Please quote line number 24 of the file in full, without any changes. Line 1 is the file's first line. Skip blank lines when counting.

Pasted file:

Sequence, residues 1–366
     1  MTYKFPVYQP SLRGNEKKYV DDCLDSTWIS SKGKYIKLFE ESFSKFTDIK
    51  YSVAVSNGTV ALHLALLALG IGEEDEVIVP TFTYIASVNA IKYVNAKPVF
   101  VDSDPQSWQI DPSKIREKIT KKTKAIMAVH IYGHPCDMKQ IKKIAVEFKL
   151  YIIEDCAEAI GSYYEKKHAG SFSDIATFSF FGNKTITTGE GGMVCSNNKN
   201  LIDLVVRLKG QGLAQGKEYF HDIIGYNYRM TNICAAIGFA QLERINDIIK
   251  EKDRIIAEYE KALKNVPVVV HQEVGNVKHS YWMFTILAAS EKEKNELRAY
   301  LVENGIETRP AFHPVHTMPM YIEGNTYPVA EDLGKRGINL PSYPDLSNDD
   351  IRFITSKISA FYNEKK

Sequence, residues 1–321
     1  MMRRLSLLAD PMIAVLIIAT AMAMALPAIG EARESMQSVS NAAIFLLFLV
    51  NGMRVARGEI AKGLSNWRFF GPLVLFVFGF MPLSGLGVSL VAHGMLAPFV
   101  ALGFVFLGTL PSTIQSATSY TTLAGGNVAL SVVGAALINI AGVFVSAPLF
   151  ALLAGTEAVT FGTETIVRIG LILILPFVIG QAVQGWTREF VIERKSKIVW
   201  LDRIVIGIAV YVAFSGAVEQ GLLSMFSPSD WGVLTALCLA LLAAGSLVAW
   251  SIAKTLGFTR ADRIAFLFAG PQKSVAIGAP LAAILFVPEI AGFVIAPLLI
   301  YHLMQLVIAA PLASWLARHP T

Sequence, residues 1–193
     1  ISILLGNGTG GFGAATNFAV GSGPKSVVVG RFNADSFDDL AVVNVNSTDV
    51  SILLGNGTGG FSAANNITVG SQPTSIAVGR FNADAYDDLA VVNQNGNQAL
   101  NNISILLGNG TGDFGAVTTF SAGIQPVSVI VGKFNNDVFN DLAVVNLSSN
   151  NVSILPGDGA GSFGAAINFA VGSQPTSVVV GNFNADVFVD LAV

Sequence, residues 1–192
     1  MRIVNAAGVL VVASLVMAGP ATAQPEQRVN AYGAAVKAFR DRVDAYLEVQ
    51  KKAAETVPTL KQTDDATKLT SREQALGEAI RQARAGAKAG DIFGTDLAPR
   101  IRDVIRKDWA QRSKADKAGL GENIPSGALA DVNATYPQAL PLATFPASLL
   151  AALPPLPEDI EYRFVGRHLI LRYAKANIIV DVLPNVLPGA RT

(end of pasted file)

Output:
     1  MRIVNAAGVL VVASLVMAGP ATAQPEQRVN AYGAAVKAFR DRVDAYLEVQ